Sixers Mailbag #17: Should The Sixers Target a Point Guard in the Draft?
This week we continue our 76ers mailbag series, where we discuss some of the pressing topics around the team.
In the 17th edition of our Sixers mailbag we discuss start focusing in on the 2016 NBA draft: who should the Sixers target with the Oklahoma City and Miami picks? How would Ben Simmons fit with Dario Saric? Should the Sixers go with a point guard at the top of the draft?
Note: any opinions expressed here are my own opinions, and not reports or expectations based off of inside information, unless I explicitly state that a statement is based off of inside information.
“Who is your top PG in the 2016 NBA draft and would Jamal Murray be a good option for the 76ers if the team lands the Lakers pick at 4 or 5?”
That’s a tough question, because there’s some decent depth in this point guard class, from Kris Dunn (Providence), to Demetrius Jackson (Notre Dame), to the fast-rising Wade Baldwin (Vanderbilt), and to combo-guards like Jamal Murray (Kentucky) and Buddy Hield (Oklahoma), there’s probably a prospect out there regardless of what type of point guard you prefer initiating your offense.
I’m not particularly in love with any of them myself. Of those, I would rank Dunn at the top, but I wouldn’t tie myself to him. The comparison you’ll frequently hear with Dunn is Dwyane Wade, but I think that’s a far-too-optimistic assessment of both his athletic profile and overall skill level. Still, Dunn will probably fall somewhere in the 5-through-7 range of my big board, so he’s a name that’s going to be in play, I just wouldn’t lock myself into drafting point guard because of team need.
As for Murray, he’s been incredible of late, averaging 25.4 points, 5.6 rebounds, and 1.9 assists per game over his last 10 games, while shooting 50.6 percent from the field, and 50 percent, on 88 three-point attempts, from deep. But I think his future projects more as a shooting guard who can occasionally initiate an offense than as a full time point. His season, and Kentucky’s as a team, really took off when he was moved off the ball and asked to initiate less of Kentucky’s half court offense. He’s a really good shooter off the catch and when coming off of a screen, and while he shows some comfort level navigating a pick and roll I don’t think I see the elite passing, or the ability to turn the corner as a scorer, to be effective at the position full time.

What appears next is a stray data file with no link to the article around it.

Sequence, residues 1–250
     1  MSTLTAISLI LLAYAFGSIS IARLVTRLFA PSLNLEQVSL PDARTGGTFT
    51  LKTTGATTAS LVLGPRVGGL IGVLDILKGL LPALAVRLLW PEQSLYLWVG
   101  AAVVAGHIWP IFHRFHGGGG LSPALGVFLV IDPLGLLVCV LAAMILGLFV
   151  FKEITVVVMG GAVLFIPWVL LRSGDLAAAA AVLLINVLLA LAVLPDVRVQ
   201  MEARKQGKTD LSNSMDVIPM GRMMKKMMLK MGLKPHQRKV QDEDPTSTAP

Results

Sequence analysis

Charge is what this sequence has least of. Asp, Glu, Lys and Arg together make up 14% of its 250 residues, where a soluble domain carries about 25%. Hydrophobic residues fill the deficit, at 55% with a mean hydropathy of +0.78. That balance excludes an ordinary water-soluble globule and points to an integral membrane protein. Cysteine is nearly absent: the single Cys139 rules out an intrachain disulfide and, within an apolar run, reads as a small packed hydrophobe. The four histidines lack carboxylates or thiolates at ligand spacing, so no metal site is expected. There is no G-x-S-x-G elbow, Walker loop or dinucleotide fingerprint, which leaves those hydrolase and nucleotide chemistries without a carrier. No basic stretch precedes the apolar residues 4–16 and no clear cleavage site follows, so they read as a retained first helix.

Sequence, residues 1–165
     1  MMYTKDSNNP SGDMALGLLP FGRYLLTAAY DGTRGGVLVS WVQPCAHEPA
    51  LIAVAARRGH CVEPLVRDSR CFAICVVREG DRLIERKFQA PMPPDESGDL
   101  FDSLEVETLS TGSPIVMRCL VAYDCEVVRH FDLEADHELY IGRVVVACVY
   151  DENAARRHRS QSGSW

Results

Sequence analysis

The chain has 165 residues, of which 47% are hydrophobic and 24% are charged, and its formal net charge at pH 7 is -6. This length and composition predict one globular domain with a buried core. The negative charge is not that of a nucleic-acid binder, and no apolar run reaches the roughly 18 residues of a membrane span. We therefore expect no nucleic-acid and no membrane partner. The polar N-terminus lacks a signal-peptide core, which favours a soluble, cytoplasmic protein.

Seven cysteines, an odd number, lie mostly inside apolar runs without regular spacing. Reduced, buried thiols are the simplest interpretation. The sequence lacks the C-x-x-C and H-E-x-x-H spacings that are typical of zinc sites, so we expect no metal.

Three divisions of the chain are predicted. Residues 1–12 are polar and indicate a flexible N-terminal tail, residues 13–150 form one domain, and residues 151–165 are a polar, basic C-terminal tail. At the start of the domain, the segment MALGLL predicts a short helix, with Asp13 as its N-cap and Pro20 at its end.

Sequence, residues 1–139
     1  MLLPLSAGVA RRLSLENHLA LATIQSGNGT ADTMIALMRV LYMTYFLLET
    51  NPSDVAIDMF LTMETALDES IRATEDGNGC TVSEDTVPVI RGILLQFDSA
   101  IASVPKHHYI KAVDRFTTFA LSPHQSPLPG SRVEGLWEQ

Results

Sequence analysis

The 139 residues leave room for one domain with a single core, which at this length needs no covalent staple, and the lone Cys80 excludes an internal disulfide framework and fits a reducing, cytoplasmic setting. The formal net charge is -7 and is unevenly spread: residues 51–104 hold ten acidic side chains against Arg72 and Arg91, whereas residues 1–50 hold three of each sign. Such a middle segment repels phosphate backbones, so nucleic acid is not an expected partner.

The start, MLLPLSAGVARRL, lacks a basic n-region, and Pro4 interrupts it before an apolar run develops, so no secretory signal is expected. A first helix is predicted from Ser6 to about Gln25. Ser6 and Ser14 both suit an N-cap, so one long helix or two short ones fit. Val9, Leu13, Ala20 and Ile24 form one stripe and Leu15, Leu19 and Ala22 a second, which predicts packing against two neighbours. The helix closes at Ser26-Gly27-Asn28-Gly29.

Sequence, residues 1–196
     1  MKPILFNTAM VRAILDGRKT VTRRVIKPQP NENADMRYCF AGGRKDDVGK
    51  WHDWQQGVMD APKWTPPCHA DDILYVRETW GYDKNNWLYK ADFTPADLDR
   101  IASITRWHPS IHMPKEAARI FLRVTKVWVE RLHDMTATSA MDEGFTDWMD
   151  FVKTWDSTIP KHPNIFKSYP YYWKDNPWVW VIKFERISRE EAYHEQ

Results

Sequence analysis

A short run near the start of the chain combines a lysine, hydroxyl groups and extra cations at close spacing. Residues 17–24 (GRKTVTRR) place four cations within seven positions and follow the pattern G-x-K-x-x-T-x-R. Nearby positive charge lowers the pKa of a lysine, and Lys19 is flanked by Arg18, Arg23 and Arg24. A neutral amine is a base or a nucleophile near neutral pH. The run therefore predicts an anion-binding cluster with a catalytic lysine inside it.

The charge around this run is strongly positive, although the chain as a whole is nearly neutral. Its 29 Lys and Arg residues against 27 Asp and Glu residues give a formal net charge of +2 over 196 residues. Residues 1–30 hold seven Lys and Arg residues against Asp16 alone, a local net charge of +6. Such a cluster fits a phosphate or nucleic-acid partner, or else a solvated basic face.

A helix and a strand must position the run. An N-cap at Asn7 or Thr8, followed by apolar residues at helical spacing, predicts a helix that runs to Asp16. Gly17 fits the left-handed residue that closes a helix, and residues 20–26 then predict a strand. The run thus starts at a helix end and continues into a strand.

The biggest concern with Murray, though, even despite his recent run of incredible shooting and off-the-ball play, is his defense: I’m just not sure I see an ability to defend either guard position, and that’s a huge concern, and something which limits his overall upside in my mind.
“I know he’s struggled this year but Skal Labissiere looked like an ideal pick and pop player against LSU. What are your thoughts on him? Any chance he falls to the 76ers with the Miami or OKC picks?”
Few prospects have been as disappointing in recent years as Kentucky’s Skal Labissiere, who has averaged just 6.8 points, 3.2 rebounds, and 1.6 blocks per game despite being projected by many (myself included) as a potential top-3 pick before the season.
He has shown some of that promise of late — 11 points and 8 rebounds against Florida, followed by 18 points, 9 rebounds, and 6 blocked shots in a high-profile matchup with LSU — but I’m not sure that’s enough to erase what has been nearly a full season of disappointing play.
Skal still checks a lot of boxes for a modern NBA big man, from his pick and pop ability, to his shot blocking, to his potential as a face-up big when defenders close out on him, but he’s going to need to show that ability more consistently. You do wonder how Skal’s season might have unfolded if he played in a system, and for a coach, that was more willing to focus on his strengths, rather than try to force him into a post-up offensive game that just didn’t fit his strengths, but that still doesn’t excuse away some of his other very-legitimate weaknesses, rebounding (a very low 13.6 percent defensive rebounding rate on a poor defensive rebounding team) chief among them. He just gets pushed around a lot, and whether he has the frame, and mindset, to improve substantially is a very big, and very legitimate concern.
All of this could change with strong play in the conference and NCAA tournament, of course, but I would expect that if Skal really were going to fall so low that he might be available with the Miami or OKC pick that he’d pull his name out of the draft and try to regain some of the standing that he’s lost over the last five months, even if the 2017 draft class looks to be a deeper one.
“Lower tier guard prospects to watch for the Miami and OKC picks?”
Part of the reason that I’m not hyper-focused on acquiring a point guard with the Lakers pick (if it conveys), other than just the sheer depth already in the NBA, is because I think there are a number of good perimeter prospects later in the draft.